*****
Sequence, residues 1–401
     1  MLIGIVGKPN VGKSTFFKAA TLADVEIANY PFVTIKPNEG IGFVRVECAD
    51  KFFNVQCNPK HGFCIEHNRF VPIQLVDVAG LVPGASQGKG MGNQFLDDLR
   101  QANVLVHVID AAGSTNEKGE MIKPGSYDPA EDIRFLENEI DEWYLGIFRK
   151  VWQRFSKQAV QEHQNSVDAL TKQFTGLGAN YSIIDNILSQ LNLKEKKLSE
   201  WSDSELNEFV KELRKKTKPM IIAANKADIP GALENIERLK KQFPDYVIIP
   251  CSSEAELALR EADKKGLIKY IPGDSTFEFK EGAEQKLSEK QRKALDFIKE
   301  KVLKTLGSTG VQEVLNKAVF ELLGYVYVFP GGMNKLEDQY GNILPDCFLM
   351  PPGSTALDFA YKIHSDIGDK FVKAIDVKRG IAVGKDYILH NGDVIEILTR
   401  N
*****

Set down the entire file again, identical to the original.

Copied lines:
Sequence, residues 1–401
     1  MLIGIVGKPN VGKSTFFKAA TLADVEIANY PFVTIKPNEG IGFVRVECAD
    51  KFFNVQCNPK HGFCIEHNRF VPIQLVDVAG LVPGASQGKG MGNQFLDDLR
   101  QANVLVHVID AAGSTNEKGE MIKPGSYDPA EDIRFLENEI DEWYLGIFRK
   151  VWQRFSKQAV QEHQNSVDAL TKQFTGLGAN YSIIDNILSQ LNLKEKKLSE
   201  WSDSELNEFV KELRKKTKPM IIAANKADIP GALENIERLK KQFPDYVIIP
   251  CSSEAELALR EADKKGLIKY IPGDSTFEFK EGAEQKLSEK QRKALDFIKE
   301  KVLKTLGSTG VQEVLNKAVF ELLGYVYVFP GGMNKLEDQY GNILPDCFLM
   351  PPGSTALDFA YKIHSDIGDK FVKAIDVKRG IAVGKDYILH NGDVIEILTR
   401  N